Marsh v. Alabama

Facts: Jehova's Witness in Corporateville.


Issue: Whether a private-run town is subject to the First Amendment.


Held: Constitutional protections of free speech are still applicable to a corporate-owned town.


Reasoning: Ownership is not absolute dominion.  The more an owner opens his property to the public, the more his rights are circumscribed by the statutory and constitutional rights of those who use it.


Public functions.  Balance Constitutional rights of owners of property against those of the people to enjoy freedom of press and religion.  The latter is favored.

Jackson v. Metropolitan Edison Co.

Facts: Disconnected power without notice.


Issue: Whether there is a sufficiently close nexus between the State and the State regulated power company to render the latter as an agent of the State.


Held: The termination of service by a regulated public utility does not constitute state action.


Reasoning: The mere fact that a business is subject to state regulation does not by itself convert its action into that of the State.


The furnishing of utility services is neither state function or a municipal duty.


It is immaterial whether something is affected with a public interest to determine state action of private entities.

Terry v. Adams

Facts: White power political party in Texas doesn't want black members.  (Go figure)


Issue: Whether a private entity need comply with equal protection of the Constitution.


Held: Running an election for government office is a public function and must accord with the Constitution.


Reasoning: Government cannot avoid the Constitution by delagating tasks to private entities.  It is immaterial that the state does not control that part of the elective process which it leaves for the Jaybirds to manage.

Evans v. Newton

Facts: Augustus O. Bacon deeds determinable estate in a public park for racism.




Shelley v. Kraemer





Facts: Restrictive covenant excluding blacks from purchasing home.


Issue: Whether judicial enforcement of terms of a private agreement is outside the scope of the 14th Amendment.


Held: No - state action exists.


Reasoning: State action includes action of state courts and state judicial officials.


Action of state courts enforcing substantive common-law rule may result in the denial of rights.


Q: What degree of entanglement? 

A: The difference between enforcement and nonenforcement is the difference betweeen being denied rights and according full enjoyment.


Burton v. Wilmington Parking Authority




Facts: Racist Coffee Shop leasing government-owned property.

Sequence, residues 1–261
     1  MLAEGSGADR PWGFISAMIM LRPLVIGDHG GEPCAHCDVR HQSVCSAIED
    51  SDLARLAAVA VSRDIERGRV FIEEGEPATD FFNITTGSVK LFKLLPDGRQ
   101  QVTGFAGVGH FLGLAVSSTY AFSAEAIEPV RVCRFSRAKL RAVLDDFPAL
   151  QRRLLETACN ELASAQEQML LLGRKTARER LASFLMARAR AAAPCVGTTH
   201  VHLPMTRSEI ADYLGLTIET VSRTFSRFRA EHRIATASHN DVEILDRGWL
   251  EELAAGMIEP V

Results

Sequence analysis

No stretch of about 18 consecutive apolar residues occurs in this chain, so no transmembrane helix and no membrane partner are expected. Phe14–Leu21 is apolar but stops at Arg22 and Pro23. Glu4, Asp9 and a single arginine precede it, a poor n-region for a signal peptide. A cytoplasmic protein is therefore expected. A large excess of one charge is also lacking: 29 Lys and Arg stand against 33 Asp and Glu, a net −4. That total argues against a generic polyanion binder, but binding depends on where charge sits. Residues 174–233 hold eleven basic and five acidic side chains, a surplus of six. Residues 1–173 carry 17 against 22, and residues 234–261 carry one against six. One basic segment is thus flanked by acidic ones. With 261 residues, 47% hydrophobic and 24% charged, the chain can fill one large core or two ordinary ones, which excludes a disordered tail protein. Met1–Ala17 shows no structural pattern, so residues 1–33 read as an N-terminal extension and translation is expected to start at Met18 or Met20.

Issue: Whether a private business leasing commercial property from the government to generate public revenue is outside the scope of 14th Amendment.


Held: No - when State leases public property in the manner and for the purpose here, 14th Amendment must be complied with.



Manner and purpose: Attracting business to generate revenue for the parking space in order to combat parking crises.


Moose Lodge No. 107 v. Irvis




Facts: Racist private club denies black people membership.


Issue: Whether issuing a private club license to serve alcoholic beverages is sufficient state action to apply 14th Amendment.


Held: No - operation of the regulatory scheme enforced by State does not sufficiently implicated the State in discriminatory private policies to constitute "state action."


Reasoning: "Where the impetus for the discrimination is private, the State must have significantly involved itself with invidious discrimination."


State regulation - played no part in establishing or enforcing guest policies of the club.


Dissent: The private club's existence relies on revenues of alcoholic beverages.  Cannot sell alcohol without license.  Cannot get license without complying to State regulation.  Complying with state regulation requires club adheres to club's by-laws.  The by-laws a racist.


"State is responsible for the discriminatory act of a private party when the State, by its law, has compelled the act."


Allgeyer v. Louisiana


(Pre-Lochner Due Process)


Facts: Foreign insurance companies banned from doing business with state absent in-state place of business and agent of service. (Louisiana law)


Issue: Whether a statute depriving freedom of contract violates due process.


 Held: Yes - statutes depriving freedom of contract violates due process.


Reasoning: 1. Contracting is necessary and proper to pursue happiness. 2. Due process protects pursuit of happiness. 3. Statutes cannot violate due process.


Lochnver v. New York


(Lochner Era Due Process)



Facts: State law regulating hours for Bakeries/Bakers.


Issue: Whether a state has the power to regualte hours of business pursuant to police powers.


Held: No - the power to pass such law is not accorded to the states.


Reasoning: Regulating labor for Bakeries does not reasonably relate to police powers (health). Regulating labor interferes with freedom of contract.  Due process requires that regulations may not unreasonably interfere with fundamental freedom (here: contract).


West Coast Hotel Co. v. Parrish


(End of Lochner Due Process)


Facts: Law regulating minimum wage for Women.


Issue: Whether state regulation of minimum wage violates Due Process.


Held: No - state has the power to regulate contracts pursuant to police powers.